Calling these political events “populism” may be incorrect, as more accurately they are a revolution of the managerial class, who because they handle business and human psychology at their jobs, are more capable and informed regarding how to run human organizations. They looked into the abyss and did not like what they saw, and now they are pushing back.
The enduring question remains how to appeal to these people. They will buy “green” products, support charities and vote for what they think is best for the nation because they realize their fates are contingent upon the value of the economy, which to a large degree reflects the stability of the nation. These are good places to start.
Each time they see a Rotherham, a G20 riot, an Antifa attack on Berkeley, a $20 trillion debt, an Evergreen college, a Benghazi, or any other massive failures that go unnoticed by most people and the media, they get the sinking feeling that their society is becoming Brazil. To them, that means a loss of wealth, power and opportunity for their kids.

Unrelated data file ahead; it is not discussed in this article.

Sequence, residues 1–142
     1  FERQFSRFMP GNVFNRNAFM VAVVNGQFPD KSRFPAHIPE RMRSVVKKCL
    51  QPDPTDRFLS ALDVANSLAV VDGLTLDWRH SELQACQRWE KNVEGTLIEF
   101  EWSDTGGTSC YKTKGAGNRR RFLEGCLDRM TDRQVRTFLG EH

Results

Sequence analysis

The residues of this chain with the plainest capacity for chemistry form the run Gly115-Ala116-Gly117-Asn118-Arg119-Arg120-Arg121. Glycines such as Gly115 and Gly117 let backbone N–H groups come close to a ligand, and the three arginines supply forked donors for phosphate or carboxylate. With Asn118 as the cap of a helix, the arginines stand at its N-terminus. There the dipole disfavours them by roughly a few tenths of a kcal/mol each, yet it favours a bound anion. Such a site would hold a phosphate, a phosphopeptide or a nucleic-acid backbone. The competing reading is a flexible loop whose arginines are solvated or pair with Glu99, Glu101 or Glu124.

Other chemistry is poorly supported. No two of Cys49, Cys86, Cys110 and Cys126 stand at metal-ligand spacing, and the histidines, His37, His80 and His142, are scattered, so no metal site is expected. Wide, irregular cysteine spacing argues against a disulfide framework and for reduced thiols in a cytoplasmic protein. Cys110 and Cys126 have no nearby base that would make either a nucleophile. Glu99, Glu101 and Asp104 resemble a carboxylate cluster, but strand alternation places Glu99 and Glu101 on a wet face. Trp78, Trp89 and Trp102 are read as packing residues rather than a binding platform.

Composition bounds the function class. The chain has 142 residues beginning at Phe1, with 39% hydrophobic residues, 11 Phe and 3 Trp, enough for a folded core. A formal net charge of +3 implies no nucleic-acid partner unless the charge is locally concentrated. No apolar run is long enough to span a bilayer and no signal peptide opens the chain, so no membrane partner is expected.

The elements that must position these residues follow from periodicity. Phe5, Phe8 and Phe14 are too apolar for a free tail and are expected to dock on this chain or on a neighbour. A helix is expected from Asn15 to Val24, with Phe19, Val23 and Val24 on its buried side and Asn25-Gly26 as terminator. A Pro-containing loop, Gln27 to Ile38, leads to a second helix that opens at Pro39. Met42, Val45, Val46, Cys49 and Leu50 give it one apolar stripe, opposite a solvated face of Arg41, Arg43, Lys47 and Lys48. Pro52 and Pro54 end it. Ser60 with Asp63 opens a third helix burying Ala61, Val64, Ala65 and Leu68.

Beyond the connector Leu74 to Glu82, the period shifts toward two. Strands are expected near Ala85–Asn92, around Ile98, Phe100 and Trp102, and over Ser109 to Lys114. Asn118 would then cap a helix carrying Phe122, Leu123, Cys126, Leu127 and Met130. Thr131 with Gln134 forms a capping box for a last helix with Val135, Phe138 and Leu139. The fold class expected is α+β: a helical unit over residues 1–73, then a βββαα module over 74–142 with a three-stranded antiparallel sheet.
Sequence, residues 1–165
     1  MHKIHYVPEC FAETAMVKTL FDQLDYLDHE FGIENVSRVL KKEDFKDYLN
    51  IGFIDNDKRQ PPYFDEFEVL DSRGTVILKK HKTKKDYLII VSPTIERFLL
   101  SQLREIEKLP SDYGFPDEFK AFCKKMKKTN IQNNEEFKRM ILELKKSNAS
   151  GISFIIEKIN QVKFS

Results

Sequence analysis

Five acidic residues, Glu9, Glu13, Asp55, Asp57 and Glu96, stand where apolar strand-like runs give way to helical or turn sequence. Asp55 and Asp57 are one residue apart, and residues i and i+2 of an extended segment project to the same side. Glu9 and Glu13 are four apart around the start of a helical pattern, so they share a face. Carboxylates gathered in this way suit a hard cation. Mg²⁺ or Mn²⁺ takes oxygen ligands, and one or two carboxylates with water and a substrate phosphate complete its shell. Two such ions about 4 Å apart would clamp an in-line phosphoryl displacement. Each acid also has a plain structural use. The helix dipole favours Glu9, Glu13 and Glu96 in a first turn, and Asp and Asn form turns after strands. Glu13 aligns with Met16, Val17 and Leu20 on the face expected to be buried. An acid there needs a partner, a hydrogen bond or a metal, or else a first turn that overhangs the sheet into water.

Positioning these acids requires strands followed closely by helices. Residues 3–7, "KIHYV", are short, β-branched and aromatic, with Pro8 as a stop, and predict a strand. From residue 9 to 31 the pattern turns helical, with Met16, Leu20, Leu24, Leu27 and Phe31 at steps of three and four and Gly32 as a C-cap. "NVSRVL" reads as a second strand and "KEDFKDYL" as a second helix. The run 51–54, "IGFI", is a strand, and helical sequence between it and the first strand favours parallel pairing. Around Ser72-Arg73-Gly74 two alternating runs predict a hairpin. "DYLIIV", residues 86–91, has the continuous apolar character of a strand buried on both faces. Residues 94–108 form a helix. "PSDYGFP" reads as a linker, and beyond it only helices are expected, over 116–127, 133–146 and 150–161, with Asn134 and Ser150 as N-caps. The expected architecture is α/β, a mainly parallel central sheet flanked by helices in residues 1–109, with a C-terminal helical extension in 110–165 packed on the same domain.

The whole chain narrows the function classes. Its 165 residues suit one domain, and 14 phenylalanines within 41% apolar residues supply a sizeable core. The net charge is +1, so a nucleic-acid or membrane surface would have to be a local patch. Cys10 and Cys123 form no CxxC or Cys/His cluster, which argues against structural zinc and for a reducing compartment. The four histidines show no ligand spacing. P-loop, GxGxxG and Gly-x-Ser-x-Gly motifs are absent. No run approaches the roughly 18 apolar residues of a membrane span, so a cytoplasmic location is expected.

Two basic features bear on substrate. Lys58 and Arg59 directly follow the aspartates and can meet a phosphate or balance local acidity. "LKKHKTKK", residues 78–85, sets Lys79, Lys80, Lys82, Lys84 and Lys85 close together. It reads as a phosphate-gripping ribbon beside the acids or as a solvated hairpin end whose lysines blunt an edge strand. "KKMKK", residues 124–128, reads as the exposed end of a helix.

Convincing them of identity politics alone will not work, but showing them that identity plus a non-tyrannical yet non-democratic leadership structure will make greater stability and thus greater opportunity will appeal to them. They like the idea of fairness in opportunity, whether “equal” or not, so that their offspring have a chance to rise as well.
In the past, they were liberal because they saw only the upside, which was fewer restrictions on commerce and therefore, more growth. Now they are seeing that growth results in a reduction in quality, and that in turn causes a reduction in value and increase in social instability, and they want to return the poor-quality product (Leftism) to the store and find something better.